The taking of pictures was severely restricted. Nevertheless once and again, recollection photos were taken in the kasernes, showing soldiers as well as civilians / local nationals. We can see scenes of everyday life as well as of official activities of the military employer. As these activities were very versatile, only a few exemplary pictures can be shown. Although a U.S. Army job for a German seemed, at first sight, not to be much different from a civilian job on the German economy, there were many distinctions: It was not only working for a foreign government, but also being restricted by all kinds of military regulations, peculiarities, and -last but not least - the required ability to communicate in a foreign language.
The first jobs under American direction: Augsburg LNs working for the Military Government (1946.)
Kaserne Barber Shop (1950s).
Left: Warehouse workers at Quartermaster. Right: Kitchen aid at Gablingen Kaserne (1960s).
Kitchen personnel in the new Snack Bar at Gablingen Kaserne (1960s).
Motor pool workers at Reese Barracks (1976).
Retirement farewell to a long time Laundry employee (1980).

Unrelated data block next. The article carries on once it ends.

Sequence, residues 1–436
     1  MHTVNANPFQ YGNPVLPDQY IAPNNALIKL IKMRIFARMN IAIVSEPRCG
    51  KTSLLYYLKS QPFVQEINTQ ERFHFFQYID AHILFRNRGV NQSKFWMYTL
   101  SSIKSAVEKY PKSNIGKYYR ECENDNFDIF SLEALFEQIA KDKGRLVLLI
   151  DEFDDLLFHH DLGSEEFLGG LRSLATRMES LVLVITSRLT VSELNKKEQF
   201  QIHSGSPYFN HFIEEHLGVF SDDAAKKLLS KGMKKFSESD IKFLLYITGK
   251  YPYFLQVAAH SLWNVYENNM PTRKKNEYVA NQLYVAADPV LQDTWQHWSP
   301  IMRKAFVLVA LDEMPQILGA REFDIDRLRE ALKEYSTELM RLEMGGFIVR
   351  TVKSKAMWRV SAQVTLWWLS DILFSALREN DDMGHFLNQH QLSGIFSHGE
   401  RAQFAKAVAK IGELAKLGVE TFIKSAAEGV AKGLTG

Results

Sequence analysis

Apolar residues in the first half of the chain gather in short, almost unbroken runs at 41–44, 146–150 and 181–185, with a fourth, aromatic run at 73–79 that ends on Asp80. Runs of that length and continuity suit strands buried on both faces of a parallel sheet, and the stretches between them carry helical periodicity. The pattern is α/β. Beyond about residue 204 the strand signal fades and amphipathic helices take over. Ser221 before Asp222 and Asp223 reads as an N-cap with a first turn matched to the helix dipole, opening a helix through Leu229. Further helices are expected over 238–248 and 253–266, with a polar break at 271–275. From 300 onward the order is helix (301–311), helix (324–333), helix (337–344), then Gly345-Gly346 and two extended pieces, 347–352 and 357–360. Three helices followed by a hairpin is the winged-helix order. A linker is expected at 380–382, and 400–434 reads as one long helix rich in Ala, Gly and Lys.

Morning sports at Quartermaster Kaserne (1980s).
German-American team, Commissary.
German driver, German truck, American freight.
German fireman working for the U.S. Army: Gablingen (1980s). American equipment and protective clothing.
The Directorate of Engineering & Housing (DEH), Reese Barracks (around 1980).
Awards for employees of the Laundry, Reese Barracks (1987).
There were also LN supervisor jobs within the U.S. Army in Augsburg (DEH, Reese Barracks)(1992).
Public Affairs office, Sheridan Kaserne (1992).
Heating plant Bldg. 38, Reese Barracks - a warm place to work. (1993).
Scullery, Sheridan Mess Hall (1994).
Strenuous commitment is required to repair a burst underground pipe at Dawson Field, Sheridan Kaserne, in spring of 1995.
1998: Mission accomplished. The political scene has changed. The jobs are abandoned.
USAREUR Pam 690-80-G for supervisors: How to work with LN civilian personnel. 70 pages for conflict-free employer-employee relations (1979).
(Photos resp. copies from various sources, AiA archives)